Launching a Bicentennial Bill of Rights the Right Way
Sitomer, Curtis J., The Christian Science Monitor
A DISCUSSION of justice in the United States usually results from theperpetration of some gross injustice. There is nothing wrong with responding tobad with good.
The beauty of the system is that government, or any establishment, cannotfor long keep social and moral indignities under wraps. It was only a matter oftime before racial and gender discrimination were addressed and legislated andlitigated against.
As this nation approaches the bicentennial of its Bill of Rights next year,bias and prejudice still exist. Religious bigotry continues to flare up. Unequaljustice for the poor, minorities, and have-nots is rife in some places.
Laws in the democratic context are generally just. A system of checks andbalances helps ensure fairness. Higher courts reverse lower courts onaffirmative action; gubernatorial vetoes strike down excessively restrictivestate legislative measures on abortion; municipal ordinances that curb freedomof speech are often turned around by voter indignation.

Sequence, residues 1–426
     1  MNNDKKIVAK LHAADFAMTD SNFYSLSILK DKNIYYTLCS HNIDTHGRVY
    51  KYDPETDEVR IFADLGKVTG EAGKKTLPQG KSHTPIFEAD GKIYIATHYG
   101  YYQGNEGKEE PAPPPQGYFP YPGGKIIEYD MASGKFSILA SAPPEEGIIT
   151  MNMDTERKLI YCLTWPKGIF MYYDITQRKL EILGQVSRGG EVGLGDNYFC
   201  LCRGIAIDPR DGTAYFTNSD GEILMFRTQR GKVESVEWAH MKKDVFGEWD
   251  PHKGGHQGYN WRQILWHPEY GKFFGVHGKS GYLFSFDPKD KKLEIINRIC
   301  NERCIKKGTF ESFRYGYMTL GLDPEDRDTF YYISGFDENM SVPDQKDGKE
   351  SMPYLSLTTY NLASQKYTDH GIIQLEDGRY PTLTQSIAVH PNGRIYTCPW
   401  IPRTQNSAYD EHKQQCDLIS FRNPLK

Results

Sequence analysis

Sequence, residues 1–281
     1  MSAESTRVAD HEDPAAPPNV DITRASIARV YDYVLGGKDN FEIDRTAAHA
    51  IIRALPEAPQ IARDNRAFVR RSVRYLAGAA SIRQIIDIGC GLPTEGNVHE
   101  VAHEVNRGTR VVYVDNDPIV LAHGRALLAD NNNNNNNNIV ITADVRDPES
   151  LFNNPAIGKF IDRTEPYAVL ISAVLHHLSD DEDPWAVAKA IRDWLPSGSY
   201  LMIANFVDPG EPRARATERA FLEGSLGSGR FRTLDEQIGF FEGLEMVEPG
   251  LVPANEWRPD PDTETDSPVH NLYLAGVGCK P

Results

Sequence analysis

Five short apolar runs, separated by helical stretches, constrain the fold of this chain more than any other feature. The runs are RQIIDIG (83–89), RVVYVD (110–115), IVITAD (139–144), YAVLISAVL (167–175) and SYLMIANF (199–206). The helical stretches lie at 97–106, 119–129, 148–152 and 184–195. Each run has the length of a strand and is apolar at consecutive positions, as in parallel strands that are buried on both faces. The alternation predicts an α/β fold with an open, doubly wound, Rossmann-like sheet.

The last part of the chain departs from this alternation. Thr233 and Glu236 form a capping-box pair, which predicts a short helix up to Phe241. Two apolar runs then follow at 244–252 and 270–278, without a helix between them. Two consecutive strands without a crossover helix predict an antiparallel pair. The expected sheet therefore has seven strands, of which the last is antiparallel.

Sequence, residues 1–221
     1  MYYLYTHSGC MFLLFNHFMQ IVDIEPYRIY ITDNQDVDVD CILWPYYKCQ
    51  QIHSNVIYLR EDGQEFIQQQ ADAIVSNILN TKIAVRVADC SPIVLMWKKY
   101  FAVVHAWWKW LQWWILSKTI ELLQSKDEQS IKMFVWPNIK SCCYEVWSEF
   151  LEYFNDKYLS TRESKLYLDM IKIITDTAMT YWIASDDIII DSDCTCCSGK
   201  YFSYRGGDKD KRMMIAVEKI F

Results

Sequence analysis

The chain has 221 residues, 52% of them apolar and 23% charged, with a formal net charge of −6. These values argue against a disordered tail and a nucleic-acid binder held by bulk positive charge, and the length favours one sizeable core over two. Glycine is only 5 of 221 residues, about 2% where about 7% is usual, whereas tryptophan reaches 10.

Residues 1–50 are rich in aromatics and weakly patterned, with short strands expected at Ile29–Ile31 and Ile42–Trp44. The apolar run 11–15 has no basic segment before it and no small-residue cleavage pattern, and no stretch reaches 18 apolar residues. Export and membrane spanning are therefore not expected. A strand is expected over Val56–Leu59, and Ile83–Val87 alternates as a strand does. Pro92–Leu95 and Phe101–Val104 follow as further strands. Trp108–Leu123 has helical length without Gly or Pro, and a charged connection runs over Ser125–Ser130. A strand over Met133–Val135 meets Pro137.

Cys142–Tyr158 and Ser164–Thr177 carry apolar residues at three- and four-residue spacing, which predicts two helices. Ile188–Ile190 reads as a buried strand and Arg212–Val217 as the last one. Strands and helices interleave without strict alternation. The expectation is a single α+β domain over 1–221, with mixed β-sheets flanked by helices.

The system works - but not always fast enough or well enough. People tend togive up too easily. There are many avenues of recourse to right wrongs. Amongthem are increasingly important legal alternatives, including mini-trials,neighborhood jurisdictions, arbitration, and informal negotiation. The forums ofadvocacy, including civil rights and constitutional rights groups, religiousliberties organizations, and citizens' self-help outlets, provide the public avehicle for protest against social wrongs.
Bill of Rights celebrations will include school programs and civic displays. …